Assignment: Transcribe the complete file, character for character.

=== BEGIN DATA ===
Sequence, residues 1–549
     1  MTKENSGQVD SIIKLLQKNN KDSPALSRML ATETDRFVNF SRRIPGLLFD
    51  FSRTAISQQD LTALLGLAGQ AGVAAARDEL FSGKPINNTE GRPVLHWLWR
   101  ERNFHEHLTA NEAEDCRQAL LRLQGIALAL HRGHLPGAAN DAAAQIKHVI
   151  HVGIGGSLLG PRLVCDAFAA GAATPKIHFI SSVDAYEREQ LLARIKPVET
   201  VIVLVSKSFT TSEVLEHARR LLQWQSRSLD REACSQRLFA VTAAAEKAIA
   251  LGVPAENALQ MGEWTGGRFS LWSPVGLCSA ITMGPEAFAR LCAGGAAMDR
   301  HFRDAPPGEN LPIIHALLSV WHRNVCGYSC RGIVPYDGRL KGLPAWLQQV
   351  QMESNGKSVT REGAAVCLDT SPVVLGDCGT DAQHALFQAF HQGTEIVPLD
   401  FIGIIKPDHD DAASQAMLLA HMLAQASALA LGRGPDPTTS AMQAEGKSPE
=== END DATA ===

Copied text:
Sequence, residues 1–549
     1  MTKENSGQVD SIIKLLQKNN KDSPALSRML ATETDRFVNF SRRIPGLLFD
    51  FSRTAISQQD LTALLGLAGQ AGVAAARDEL FSGKPINNTE GRPVLHWLWR
   101  ERNFHEHLTA NEAEDCRQAL LRLQGIALAL HRGHLPGAAN DAAAQIKHVI
   151  HVGIGGSLLG PRLVCDAFAA GAATPKIHFI SSVDAYEREQ LLARIKPVET
   201  VIVLVSKSFT TSEVLEHARR LLQWQSRSLD REACSQRLFA VTAAAEKAIA
   251  LGVPAENALQ MGEWTGGRFS LWSPVGLCSA ITMGPEAFAR LCAGGAAMDR
   301  HFRDAPPGEN LPIIHALLSV WHRNVCGYSC RGIVPYDGRL KGLPAWLQQV
   351  QMESNGKSVT REGAAVCLDT SPVVLGDCGT DAQHALFQAF HQGTEIVPLD
   401  FIGIIKPDHD DAASQAMLLA HMLAQASALA LGRGPDPTTS AMQAEGKSPE